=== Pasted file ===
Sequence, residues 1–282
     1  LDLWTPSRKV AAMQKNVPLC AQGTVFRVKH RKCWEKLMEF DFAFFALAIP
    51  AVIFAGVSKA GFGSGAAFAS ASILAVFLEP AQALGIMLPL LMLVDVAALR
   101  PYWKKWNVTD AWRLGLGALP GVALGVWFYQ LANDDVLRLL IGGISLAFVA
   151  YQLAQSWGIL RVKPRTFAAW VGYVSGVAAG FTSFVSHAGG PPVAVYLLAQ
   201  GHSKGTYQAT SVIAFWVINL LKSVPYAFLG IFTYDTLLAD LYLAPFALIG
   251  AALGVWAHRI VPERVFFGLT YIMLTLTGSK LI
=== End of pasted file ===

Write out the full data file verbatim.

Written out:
Sequence, residues 1–282
     1  LDLWTPSRKV AAMQKNVPLC AQGTVFRVKH RKCWEKLMEF DFAFFALAIP
    51  AVIFAGVSKA GFGSGAAFAS ASILAVFLEP AQALGIMLPL LMLVDVAALR
   101  PYWKKWNVTD AWRLGLGALP GVALGVWFYQ LANDDVLRLL IGGISLAFVA
   151  YQLAQSWGIL RVKPRTFAAW VGYVSGVAAG FTSFVSHAGG PPVAVYLLAQ
   201  GHSKGTYQAT SVIAFWVINL LKSVPYAFLG IFTYDTLLAD LYLAPFALIG
   251  AALGVWAHRI VPERVFFGLT YIMLTLTGSK LI